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Charlotte Bronte’s Jane Eyre as a Coming of Age Story

Jane Eyre as a Coming of Age Story

Charlotte Bronte’s classic, Jane Eyre, is a “coming of age” story. The main character, Jane, travels from the innocence of childhood through the maturity of adulthood. During this journey, Jane goes through the battle of education vs. containment, where she attempts to learn about herself and about the world. She must constantly battle a containment of sorts, however, whether it be a true physical containment or a mental one. This battle of education vs. containment can be seen by following Jane through her different places of residence, including Gateshead Hall, Lowood Institution, Thornfield, Moor House and Morton, and Ferndean Manor, where she is, finally, fully educated and escapes the feeling of containment which she held throughout the novel.

The story begins as Jane lives with the Reed family in their home at Gateshead Hall. Here, the theme of education vs. containment develops immediately, as Jane is kept confined indoors on a cold winter day. The other children (Eliza, John, and Giorgiana) are “clustered round their mamma in the drawing-room” (Bronte: 39) being educated, as Jane had been excluded from the group. Jane tries to educate herself by reading from Berwick’s History of British Birds, but once again, she is held back from her attempt at enlightenment by the abuse of John Reed, who castigates her and throws the heavy book at her. In anger, Jane cries out, “You are like a murderer – you are like a slave-driver – you are like the Roman emperors” (Bronte: 43). In this passage, Jane compares John Reed to a slave-driver because, like a slave-driver, he deprives Jane of her attempt at education and keeps her suppressed. Afterwards, Jane is blamed for the entire incident and…

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…ome of the modern woman, as she manages a perfect balance between both, the spiritual and the physical, which is what she really wanted in life.

Works Cited and Consulted

Beaty, Jerome. Misreading Jane Eyre. Columbus: Ohio State UP, 1996.

Bronte, Charlotte. Jane Eyre. New York: Dodd, Mead

Hamlet’s Antic Disposition

Hamlet’s Antic Disposition

In William Shakespeare’s famous tragedy Hamlet, the main character of the story is one majestically elaborated, aside from being quite complex. There are infinite volumes written about this character because Shakespeare leaves no firm proof of many of his character traits. Yet on Hamlet’s antic disposition, meaning his obviously absurd temperament or madness, Shakespeare leaves plenty of reason to believe that it is feigned, meaning that it is simply a ploy to help Hamlet carry out his plans for revenge. It is feigned, meaning that it is faked, merely put on as a façade. This is denoted in various aspects of his antic disposition. Hamlet’s antic disposition is self imposed, meaning that he himself decides to appear “mad”, assuming the antic disposition willingly because he thinks it meet. It is methodical because there is a system to it. He is able to turn it on and off when he has reason for it; other characters in the play notice it and Hamlet himself states it. Finally, Hamlet’s madness is also clever because it allows him to express himself and his thoughts clearly, and through comments full of wit that show his awareness of reality when he mocks other characters in their faces without their noticing. Therefore, Hamlet’s antic disposition is not true madness; rather it is feigned because it is self imposed, methodical and clever.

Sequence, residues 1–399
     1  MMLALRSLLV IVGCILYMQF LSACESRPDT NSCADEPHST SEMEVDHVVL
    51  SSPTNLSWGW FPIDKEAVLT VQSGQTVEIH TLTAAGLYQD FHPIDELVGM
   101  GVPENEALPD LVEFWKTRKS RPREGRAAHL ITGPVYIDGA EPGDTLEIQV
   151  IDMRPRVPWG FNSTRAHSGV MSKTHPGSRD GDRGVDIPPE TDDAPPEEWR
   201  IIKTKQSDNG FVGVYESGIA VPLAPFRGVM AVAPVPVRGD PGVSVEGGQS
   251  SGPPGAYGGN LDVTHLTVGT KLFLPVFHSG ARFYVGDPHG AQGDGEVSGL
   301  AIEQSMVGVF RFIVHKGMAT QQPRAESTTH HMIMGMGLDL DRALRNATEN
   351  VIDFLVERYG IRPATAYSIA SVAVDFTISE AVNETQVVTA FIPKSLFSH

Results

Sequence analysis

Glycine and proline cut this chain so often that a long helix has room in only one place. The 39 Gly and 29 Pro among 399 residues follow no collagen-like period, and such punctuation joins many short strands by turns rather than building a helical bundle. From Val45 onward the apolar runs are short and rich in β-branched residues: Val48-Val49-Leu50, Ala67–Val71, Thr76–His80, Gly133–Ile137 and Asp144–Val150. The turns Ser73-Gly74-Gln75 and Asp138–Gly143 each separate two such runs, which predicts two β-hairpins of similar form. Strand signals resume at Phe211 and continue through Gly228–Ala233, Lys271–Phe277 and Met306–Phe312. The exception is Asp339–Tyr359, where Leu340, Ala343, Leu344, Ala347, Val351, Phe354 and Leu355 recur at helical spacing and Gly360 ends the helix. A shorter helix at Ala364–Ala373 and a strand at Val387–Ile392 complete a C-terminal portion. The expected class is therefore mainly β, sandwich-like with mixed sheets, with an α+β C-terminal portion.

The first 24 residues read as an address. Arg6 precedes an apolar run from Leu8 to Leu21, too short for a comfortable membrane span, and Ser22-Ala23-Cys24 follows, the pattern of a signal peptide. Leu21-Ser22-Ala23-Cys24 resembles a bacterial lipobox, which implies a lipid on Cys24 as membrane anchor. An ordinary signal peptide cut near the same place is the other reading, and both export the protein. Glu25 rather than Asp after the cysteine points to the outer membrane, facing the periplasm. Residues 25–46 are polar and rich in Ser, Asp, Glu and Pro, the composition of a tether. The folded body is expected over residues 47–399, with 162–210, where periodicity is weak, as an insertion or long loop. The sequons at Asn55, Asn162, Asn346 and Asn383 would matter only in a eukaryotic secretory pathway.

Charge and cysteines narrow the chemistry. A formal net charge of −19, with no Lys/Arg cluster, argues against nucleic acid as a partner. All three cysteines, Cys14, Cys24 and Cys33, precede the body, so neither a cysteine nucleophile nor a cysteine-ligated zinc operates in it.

Hamlet’s antic disposition is self imposed, meaning that he chooses to impose this disposition upon himself. He willingly appears to be mad in order to obtain all he wants. This comes up in the situation after Hamlet has seen his father’s ghost and is with Horatio and Marcellus. He, on this occasion warns them that he does “think meet to put an antic d…

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… and off at his will, being it a means for an end. This again, shows that the madness is feigned because true madness lacks method. Finally, the cleverness of his madness shows it to be feigned because he expresses his true opinions through the madness, being able to even mock others willingly, a characteristic that clearly renders his madness fake. Shakespeare lets us know that his main character is mad through all these proofs he leaves behind. Yet there are many other aspects of Shakespeare’s Hamlet to be analyzed and discussed, but that you will not find here for they are elsewhere, in endless volumes of infinitely large libraries.


1. Shakespeare, William. The Tragedy of Hamlet, Prince of Denmark. New York, NY: Simon

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